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Top 5 Most Unlikely Winter Olympics Heroes – The Real “Cool Runnings” and More

| January 6, 2022 11:54 am PDT

Who are the unlikeliest Winter Olympics heroes of all time? 

If I asked you to name the greatest Olympians, I’m sure you could give me ten off the top of your head. You could be undergoing a root canal and still reel off five. But what about those that aren’t exactly remembered for being the best in their field? 

Throughout history, we have seen some incredible feats of human endurance and perseverance. A lot of the time, those ventures come to nothing. Unless you’re counting absolute ridicule. But sometimes, when the stars align, strange things happen.

Here are the most unlikely heroes in the history of the Winter Olympics.

Elizabeth Swaney

  • Representing: Hungary
  • Games: PyeongChang 2018
  • Event: Women’s Halfpipe

What does the word “hero” mean to you? For some, it sums up the achievements of an outstanding example of human bravery. For others, it is the perfect four-letter term used to describe a person’s courage against all odds.

The bottom line is that this expression is typically bestowed on those who have attained something special or sacrificed it all in their efforts to achieve it.

In Elizabeth Swaney’s case, she became one of the most unlikely heroes in Winter Olympics history for different reasons. There was no gold medal to tilt toward the watching world. Nor any outstanding exhibition of flair or technical brilliance. Swaney, to be brutally honest, stunk.

Born in Oakland, California, the future Olympian showed early promise as an athlete and was active in sports while attending Berkley. Her dream was to represent the United States in the bobsleigh category, but her diminutive stature ultimately worked against her.

With her dreams of wearing the colors of her country of birth shattered, Swaney then set her sights on representing Venezuela, where her mother was born. Despite years of grueling training with a view to competing in the skeleton event in the 2014 games, it ultimately came to nothing.

In 2018 at Pyeongchang, Swaney’s dream was finally realized. Representing Hungary — the land of her grandparents — the 33-year-old’s chance to achieve greatness finally came. Unfortunately, her efforts were shockingly bad.

Scoring 30.00 and 31.40, Swaney ended up finishing last. What’s worse, she trailed second last by a full 13.60 points behind Denmark’s Laila Friis-Salling, who had fallen twice in her qualifying runs. Having failed to pull off anything resembling a successful trick, she was lambasted and mocked rather than lauded as a hero.

It would have been easy for Swaney to bury her head in the snow, but something incredible happened. Rather than being scolded by her peers, the California native was actually praised by the likes of gold medalists Cassie Sharpe and David Wise. 

One of the most unlikely heroes in Winter Olympics history, Swaney’s performances might have culminated in little. But her efforts, determination, and bravery against all odds pretty much embodied the spirit of what these games are all about.

Either that, or she was a complete fraud that scammed her way into the games to get some of that lovely attention. What do you think?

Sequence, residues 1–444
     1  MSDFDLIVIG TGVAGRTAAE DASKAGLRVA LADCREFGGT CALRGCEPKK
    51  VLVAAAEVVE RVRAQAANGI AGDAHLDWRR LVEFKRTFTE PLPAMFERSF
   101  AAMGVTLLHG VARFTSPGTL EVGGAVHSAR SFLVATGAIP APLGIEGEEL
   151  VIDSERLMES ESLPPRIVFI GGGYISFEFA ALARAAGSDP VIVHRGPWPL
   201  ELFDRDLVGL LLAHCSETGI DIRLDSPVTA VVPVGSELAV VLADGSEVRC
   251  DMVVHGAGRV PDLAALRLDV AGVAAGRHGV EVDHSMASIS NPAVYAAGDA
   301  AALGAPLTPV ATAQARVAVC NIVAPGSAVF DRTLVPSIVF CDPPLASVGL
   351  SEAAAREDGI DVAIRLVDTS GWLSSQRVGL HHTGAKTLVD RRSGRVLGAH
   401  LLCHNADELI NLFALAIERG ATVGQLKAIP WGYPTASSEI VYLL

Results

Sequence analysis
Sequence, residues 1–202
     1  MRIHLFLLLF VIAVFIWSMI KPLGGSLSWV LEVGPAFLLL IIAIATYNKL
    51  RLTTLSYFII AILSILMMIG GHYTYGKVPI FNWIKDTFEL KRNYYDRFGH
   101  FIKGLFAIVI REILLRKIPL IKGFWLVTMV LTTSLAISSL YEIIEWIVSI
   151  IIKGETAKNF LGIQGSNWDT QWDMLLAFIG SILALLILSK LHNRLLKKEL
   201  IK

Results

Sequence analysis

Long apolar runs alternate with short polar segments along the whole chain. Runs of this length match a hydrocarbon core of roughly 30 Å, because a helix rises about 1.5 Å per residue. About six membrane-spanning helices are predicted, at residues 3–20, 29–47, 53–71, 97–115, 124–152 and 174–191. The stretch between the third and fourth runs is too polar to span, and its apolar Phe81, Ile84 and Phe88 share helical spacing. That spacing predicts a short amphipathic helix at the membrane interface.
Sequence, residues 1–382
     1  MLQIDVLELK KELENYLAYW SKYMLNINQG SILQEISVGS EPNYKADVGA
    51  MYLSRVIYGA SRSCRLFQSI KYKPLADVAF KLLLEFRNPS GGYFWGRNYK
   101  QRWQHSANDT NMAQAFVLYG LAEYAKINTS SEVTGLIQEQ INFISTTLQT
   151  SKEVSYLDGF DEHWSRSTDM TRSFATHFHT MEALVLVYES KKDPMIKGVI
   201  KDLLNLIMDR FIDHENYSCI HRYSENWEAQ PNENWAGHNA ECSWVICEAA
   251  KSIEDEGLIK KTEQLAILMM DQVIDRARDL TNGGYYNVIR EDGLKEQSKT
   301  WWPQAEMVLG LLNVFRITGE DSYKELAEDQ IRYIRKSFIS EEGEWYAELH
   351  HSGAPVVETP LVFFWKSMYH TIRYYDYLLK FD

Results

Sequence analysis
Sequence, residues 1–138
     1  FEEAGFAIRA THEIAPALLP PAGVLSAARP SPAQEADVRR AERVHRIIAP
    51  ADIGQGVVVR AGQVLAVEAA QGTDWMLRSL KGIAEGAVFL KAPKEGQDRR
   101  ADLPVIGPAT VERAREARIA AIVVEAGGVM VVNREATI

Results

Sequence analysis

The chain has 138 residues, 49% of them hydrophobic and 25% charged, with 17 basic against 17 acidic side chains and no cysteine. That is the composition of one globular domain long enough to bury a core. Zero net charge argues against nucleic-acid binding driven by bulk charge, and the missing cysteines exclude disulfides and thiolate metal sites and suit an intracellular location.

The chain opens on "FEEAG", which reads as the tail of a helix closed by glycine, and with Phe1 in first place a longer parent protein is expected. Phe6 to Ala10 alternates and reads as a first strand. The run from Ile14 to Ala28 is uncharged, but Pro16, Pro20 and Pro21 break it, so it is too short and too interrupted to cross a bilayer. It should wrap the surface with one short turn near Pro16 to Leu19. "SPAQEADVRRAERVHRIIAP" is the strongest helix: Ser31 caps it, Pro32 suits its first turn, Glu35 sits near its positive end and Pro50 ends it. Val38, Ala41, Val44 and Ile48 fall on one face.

The 1980 United States Ice Hockey Team

Miracle on Ice 1980 Hockey Team
  • Representing: USA
  • Games: Lake Placid 1980
  • Event: Men’s Hockey Medal Round

A bit of a controversial addition here, given that the United States hockey team of 1980 can hardly be counted among the minnows of the competition, right? 

Well, strap in and I’ll explain how that wasn’t exactly the case. This team deserves recognition on my list of the most unlikely Winter Olympics heroes for the magnitude of its efforts, despite what some unaware of the “Miracle on Ice” might think.

More than just a sporting event, this matchup had a little bit of politics behind it. The United States and Russia were neck-deep in the Cold War following the Soviet Union’s invasion of Afghanistan the year before. The United States had led a boycott of the 1980 Summer Olympics just weeks before the US and the Soviet Union would play.

The Soviets were the outstanding side in the competition, coming into the medal round game as four-time defending champions. The team was stacked with professional talent while the US could only boast young, amateur players.

To suggest that this was considered a David vs. Goliath scenario would be untrue — at least David had a chance, right?

Some Vegas oddsmakers at the time had the Americans as +10000 underdogs to win the match against the mighty Soviets. Can you imagine looking over the prices on the top Olympic betting sites today and even wagering a dollar on the upset?

Despite the politics and the gulf in talent, the United States prevailed in what would go down as one of the greatest Olympics upsets of all time. The youngsters came through to win 4-3, and take the gold. 

Now, if you still don’t think the 1980 US ice hockey team deserves to be among the most unlikely Winter Olympics heroes of all time, there must be something wrong with you. 

You can read more about where this upset ranks in the greatest longshot wins in sports betting history.

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Michael “Eddie the Eagle” Edwards

Eddie the Eagle
  • Representing: Great Britain
  • Games: Calgary 1988
  • Event: Normal Hill and Large Hill Ski-Jumping

Like many before him, Michael David Edwards dreamed of representing his country at an Olympics games. 

But despite years of effort and hard work, he failed to make the downhill skiing team for Great Britain. The goal he had set himself following a taste of skying on a school trip as a 13-year-old was pretty much dead in the water. Edwards, however, was not prepared to accept defeat just yet.

One of the most common traits of unlikely Winter Olympics heroes is determination. For Eddie the Eagle, he had it in bags. This passion to achieve greatness spurred the Gloucester-native on to try his hand at ski jumping, much to the amusement of those around him.